It took me two years, but today I felt inspired and wrote my second essay. Who knows if it will every see airwaves, but you, dear readers, get a sneak peek. Hope you like.
There are moments in life when, out of the blue, all the clues line up. The pretty veils of illusion part, and suddenly you can see all the way to the very bottom of the deep dark truth. Your stomach drops to your knees. Your heart leaps into your throat. And there it is. You know it. You’re about to lose your job. Your best friend has been lying to you. Someone you love is dead, which means — not as obviously as you might think — they’re never coming back. Your husband is having an affair. You don’t have to wait for the doctor to tell you. You already know. It’s cancer.
I have had many such moments. All of the above, in fact, and more. Sometimes I fell apart. Sometimes I talked myself out of it, trying valiantly to think positive, to not jump to conclusions, to trust.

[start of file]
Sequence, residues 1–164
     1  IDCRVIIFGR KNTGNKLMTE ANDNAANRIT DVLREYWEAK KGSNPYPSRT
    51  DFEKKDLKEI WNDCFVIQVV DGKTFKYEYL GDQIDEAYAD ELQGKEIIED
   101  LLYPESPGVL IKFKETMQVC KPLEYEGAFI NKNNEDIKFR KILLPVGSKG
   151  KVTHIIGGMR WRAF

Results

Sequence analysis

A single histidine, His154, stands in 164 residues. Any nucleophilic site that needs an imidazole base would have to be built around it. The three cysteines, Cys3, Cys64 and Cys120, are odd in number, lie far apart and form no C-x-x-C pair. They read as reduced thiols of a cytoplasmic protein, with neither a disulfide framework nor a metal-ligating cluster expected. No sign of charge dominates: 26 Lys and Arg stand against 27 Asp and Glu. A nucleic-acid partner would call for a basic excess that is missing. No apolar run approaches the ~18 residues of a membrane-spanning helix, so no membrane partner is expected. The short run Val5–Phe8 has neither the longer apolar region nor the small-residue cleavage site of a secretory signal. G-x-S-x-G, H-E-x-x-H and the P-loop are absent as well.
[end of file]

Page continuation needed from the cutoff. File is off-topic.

Ultimately, there’s no way around the truth. And avoiding it is exhausting, if not life-threatening.
So I believe in falling apart.
I believe in the fabulous life-expanding power of falling all the way to the bottom of the well. I believe in tears and the teeth-chattering knee-knocking nervous sweat of facing your worst fears made manifest. If I can manage it, I play the sympathy card, gather all the support around me that I can, and just plain face it.
As awful as it feels in the moment, I love it when the map I’ve plotted for my life gets ripped out from under me. It’s like waking up from a dream, a dream where I’ve limited my life’s possibilities to those that don’t scare me.
If I can face an unimaginable surprise divorce and find pleasure in being alone, even for five minutes, then I can also experience the wild joy of a new relationship, a much better relationship than I ever thought possible. If I can face a cancer diagnosis and the — cancer or not —inevitability of death, then I can risk a slew of personal and professional rejections, and maybe a few heretofore unimagined successes.
I think of circus fleas, confined to a test-tube laid on its side. After banging into the low, invisible ceiling of the tube, these natural high-jumpers give up jumping altogether. Even when freed they don’t dare jump. They’ve been conditioned to accept a limited life.
Whether we realize it or not, our lives are not taking place in a test tube. Disaster can come along at any moment and smack you right in the face. If it does, please accept my sincere condolences. And my advice:
Let yourself feel it. You are not safe, nor are you limited.